Lori E Allen and Rachel Pimm: Disintegration, Whitechapel Gallery, 2019

Lori E Allen and Rachel Pimm: worming out of shit, 2015, performed at CCA Glasgow, 2016

Lori E Allen and Rachel Pimm: Disintegration, Whitechapel Gallery, 2019

RB: Have there been any particular influences to your art practice?

RP: For a short while I did a full time office job at the Ideal Home Show, designing and specifying the model home village at the show – then building show houses inside Earl’s Court. For me, not only is this display format just as interesting historically as gallery exhibition, its lineage can be traced via British Colonial histories to the Crystal Palace, botanical gardens, raw materials, the industrial revolution and housing after the Garden City movement- really rich (and violent) contexts for the relationship between stuff we take from the ground and the systems of engineering and capitalism that surround its movement and processing.

I’m also influenced by Natural History. I find old books and go to libraries a lot – the Geological Society, Linnean Society, Bournemouth Natural Science Society library, the Teri Institute in New Delhi, and then gardens and greenhouses, physics evening classes, kids science kits, conversations and study days with friends, and strolling around, taking photos of infrastructure space, and ways in which ‘Nature’ is being put to work. I learn a lot from living with houseplants about care, and time and growing.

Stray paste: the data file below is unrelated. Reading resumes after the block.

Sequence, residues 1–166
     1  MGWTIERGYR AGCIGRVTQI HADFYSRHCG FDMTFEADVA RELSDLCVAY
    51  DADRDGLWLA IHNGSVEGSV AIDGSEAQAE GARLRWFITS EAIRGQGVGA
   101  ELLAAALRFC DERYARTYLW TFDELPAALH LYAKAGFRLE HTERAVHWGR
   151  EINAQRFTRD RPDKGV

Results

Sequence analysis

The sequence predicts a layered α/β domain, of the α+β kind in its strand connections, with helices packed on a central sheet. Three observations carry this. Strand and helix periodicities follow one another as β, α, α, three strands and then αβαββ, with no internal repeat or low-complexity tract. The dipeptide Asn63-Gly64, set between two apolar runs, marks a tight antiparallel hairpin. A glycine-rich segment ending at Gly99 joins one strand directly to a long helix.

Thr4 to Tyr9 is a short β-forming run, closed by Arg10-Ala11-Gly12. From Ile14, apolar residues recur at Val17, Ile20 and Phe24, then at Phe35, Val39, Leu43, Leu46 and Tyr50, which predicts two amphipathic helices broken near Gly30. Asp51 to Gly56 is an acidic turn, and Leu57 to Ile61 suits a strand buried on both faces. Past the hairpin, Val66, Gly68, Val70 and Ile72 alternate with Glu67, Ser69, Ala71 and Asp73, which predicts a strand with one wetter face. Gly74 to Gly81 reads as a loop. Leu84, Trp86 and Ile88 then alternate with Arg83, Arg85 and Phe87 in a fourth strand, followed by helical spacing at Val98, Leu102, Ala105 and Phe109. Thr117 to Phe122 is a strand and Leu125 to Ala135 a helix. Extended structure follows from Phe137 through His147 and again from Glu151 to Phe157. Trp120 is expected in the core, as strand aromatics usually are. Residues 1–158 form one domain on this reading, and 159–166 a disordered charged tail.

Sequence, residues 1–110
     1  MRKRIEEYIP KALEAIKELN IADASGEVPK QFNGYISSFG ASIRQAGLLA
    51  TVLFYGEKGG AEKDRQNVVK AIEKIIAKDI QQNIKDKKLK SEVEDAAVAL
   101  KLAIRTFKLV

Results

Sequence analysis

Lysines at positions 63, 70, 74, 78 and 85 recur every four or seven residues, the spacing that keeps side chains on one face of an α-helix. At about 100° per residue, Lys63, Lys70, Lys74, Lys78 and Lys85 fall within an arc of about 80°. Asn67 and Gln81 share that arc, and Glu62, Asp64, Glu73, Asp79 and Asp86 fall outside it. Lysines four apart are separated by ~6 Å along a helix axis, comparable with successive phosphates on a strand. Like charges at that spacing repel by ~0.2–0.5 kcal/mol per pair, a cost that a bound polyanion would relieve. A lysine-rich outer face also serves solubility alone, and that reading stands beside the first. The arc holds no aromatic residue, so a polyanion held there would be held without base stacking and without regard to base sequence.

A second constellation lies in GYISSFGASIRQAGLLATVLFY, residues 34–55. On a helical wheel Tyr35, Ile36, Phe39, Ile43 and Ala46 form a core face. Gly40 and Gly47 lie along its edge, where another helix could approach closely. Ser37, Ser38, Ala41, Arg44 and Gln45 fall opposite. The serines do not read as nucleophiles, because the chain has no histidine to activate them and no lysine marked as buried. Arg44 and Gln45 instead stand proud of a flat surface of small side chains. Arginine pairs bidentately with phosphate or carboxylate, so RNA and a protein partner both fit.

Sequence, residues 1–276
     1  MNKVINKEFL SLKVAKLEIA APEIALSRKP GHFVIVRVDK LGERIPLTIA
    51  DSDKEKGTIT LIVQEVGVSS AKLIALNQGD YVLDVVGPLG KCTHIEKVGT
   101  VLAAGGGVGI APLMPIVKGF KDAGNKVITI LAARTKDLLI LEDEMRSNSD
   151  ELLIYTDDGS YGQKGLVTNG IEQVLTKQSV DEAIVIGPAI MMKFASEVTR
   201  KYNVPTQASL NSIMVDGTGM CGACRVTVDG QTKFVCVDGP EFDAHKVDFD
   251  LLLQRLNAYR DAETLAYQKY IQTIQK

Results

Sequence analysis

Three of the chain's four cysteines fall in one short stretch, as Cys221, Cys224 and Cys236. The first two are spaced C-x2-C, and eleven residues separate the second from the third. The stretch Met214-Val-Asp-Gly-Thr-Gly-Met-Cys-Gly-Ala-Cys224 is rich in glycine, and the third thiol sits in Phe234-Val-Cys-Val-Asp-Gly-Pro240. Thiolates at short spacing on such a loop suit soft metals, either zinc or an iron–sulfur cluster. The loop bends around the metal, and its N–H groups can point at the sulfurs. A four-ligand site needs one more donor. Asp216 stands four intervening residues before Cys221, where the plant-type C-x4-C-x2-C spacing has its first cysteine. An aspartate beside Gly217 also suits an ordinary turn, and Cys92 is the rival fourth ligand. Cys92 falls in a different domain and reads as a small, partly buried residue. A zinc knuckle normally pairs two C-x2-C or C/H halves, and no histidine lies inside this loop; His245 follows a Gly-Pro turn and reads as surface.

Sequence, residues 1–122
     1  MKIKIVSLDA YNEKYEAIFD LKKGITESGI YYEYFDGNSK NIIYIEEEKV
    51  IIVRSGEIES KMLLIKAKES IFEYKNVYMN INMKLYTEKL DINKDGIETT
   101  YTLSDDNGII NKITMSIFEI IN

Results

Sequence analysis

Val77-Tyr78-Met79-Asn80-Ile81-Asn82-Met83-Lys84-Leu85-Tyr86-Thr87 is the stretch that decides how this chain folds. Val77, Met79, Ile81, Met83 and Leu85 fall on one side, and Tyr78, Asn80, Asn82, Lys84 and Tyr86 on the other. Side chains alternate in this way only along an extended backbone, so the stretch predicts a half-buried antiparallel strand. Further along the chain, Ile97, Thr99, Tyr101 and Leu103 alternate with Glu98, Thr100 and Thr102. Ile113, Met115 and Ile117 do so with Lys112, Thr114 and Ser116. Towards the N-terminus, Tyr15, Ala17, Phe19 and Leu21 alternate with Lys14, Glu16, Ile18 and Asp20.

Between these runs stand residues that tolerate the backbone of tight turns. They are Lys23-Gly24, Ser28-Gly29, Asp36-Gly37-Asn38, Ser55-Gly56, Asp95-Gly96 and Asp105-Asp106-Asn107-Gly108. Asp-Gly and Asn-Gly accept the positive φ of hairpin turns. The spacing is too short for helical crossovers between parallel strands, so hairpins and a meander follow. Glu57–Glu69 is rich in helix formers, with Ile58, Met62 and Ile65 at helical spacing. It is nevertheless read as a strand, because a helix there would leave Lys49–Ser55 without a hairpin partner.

LEA: For me it’s probably studying archaeology that has influenced me most. I like thinking about and witnessing the ways people, myself included, interact with and build relationships with inanimate objects – of which I would also class mass media. There is so much story-telling in the scars, rips, wear and tear of a thing. Yet the thing is silent while retaining a record of events it’s undergone.  Conversely, mass media is not silent. I think the pull from the mute objects to the noise of constructed narratives led me to think more about noise and silence in internal dialogue, where it comes from, what records it holds  – and I suppose focusing on broad-casted media, especially the way it is told/digested/re-told/re-digested is a way of getting at/excavating the noise and silence of objects embedded in narrative rather than the earth.

RB: What is the underlying focus of your work?